Prevalence of SARS-CoV-2 antibodies among Belgian nursing home residents and staff during the primary COVID-19 vaccination campaign.
Meyers E., De Rop L., Deschepper E., Duysburgh E., De Burghgraeve T., Van Ngoc P., Digregorio M., Delogne S., Coen A., De Clercq N., Buret L., Coenen S., De Sutter A., Scholtes B., Verbakel JY., Cools P., Heytens S.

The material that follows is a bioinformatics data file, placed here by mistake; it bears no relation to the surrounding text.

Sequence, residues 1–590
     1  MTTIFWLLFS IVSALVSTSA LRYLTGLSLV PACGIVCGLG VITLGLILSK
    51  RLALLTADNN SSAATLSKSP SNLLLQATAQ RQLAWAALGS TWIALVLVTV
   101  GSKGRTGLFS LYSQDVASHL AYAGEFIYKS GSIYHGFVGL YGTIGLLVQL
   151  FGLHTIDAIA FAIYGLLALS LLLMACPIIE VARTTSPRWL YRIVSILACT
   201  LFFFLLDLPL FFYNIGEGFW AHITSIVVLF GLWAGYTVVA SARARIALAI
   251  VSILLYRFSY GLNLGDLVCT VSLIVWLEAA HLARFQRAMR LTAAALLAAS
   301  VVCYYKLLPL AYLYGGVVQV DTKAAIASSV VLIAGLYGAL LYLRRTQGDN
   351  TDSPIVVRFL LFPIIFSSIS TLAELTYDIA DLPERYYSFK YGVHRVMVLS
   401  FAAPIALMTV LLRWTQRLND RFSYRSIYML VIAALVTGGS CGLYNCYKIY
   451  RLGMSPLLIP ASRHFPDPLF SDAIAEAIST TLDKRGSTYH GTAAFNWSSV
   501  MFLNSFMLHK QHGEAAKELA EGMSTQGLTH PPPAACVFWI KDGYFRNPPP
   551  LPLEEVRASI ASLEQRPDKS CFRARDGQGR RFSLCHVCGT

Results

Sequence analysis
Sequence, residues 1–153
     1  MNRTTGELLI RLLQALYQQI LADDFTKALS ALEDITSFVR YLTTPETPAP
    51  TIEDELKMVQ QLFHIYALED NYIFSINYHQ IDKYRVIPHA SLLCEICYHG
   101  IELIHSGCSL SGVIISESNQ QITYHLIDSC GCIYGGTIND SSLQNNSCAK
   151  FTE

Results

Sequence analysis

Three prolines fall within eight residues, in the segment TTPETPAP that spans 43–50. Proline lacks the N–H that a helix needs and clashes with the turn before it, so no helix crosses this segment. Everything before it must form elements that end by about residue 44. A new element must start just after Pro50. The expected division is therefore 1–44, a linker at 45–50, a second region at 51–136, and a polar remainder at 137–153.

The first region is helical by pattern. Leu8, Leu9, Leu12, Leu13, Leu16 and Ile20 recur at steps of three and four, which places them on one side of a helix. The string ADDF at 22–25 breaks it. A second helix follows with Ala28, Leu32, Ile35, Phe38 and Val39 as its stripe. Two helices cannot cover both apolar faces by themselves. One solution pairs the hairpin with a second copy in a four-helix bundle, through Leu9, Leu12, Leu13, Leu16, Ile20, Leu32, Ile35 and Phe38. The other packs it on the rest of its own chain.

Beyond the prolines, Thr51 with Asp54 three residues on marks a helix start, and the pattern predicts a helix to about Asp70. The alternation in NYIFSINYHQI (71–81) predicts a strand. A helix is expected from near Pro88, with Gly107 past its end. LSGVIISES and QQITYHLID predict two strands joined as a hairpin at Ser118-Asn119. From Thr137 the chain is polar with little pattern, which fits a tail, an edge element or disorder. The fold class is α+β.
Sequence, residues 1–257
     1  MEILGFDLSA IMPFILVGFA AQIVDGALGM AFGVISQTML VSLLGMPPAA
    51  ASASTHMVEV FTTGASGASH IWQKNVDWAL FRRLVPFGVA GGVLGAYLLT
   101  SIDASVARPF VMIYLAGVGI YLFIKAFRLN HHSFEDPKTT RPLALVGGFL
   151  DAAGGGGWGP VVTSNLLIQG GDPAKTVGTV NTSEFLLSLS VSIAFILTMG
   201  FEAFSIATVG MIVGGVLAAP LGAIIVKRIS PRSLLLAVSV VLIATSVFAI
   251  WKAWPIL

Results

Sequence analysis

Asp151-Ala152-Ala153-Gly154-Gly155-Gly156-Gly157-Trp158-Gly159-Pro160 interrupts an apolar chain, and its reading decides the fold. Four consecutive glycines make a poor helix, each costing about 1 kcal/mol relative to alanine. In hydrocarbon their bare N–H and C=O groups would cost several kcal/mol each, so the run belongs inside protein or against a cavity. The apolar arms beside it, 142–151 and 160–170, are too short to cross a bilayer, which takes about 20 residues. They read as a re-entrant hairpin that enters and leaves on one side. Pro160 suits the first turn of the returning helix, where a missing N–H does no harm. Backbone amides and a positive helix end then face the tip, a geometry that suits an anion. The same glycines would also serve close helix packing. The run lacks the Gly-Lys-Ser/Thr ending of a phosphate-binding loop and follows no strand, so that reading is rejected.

BACKGROUND: Nursing home residents (NHR) and staff have been disproportionally affected by the COVID-19 pandemic and were therefore prioritised in the COVID-19 vaccination strategy. However, frail older adults, like NHR, are known to have decreased antibody responses upon vaccination targeting other viral antigens. OBJECTIVES: As real-world data on vaccine responsiveness, we assessed the prevalence of SARS-CoV-2 antibodies among Belgian NHR and staff during the primary COVID-19 vaccination campaign. METHODS: In total, we tested 1629 NHR and 1356 staff across 69 Belgian NHs for the presence of SARS-CoV-2 IgM/IgG antibodies using rapid tests. We collected socio-demographic and COVID-19-related medical data through questionnaires. Sampling occurred between 1 February and 24 March 2021, in a randomly sampled population that received none, one or two BNT162b2 vaccine doses. RESULTS: We found that during the primary vaccination campaign with 59% of the study population fully vaccinated, 74% had SARS-CoV-2 antibodies. Among fully vaccinated individuals only, fewer residents tested positive for SARS-CoV-2 antibodies (77%) than staff (98%), suggesting an impaired vaccine-induced antibody response in the elderly, with lowest seroprevalences observed among infection naïve residents. COVID-19 vaccination status and previous SARS-CoV-2 infection were predictors for SARS-CoV-2 seropositivity. Alternatively, age ≥ 80 years old, the presence of comorbidities and high care dependency predicted SARS-CoV-2 seronegativity in NHR. CONCLUSION: These findings highlight the need for further monitoring of SARS-CoV-2 immunity upon vaccination in the elderly population, as their impaired humoral responses could imply insufficient protection against COVID-19. TRIAL REGISTRATION: This study was retrospectively registered on ClinicalTrials.gov (NCT04738695).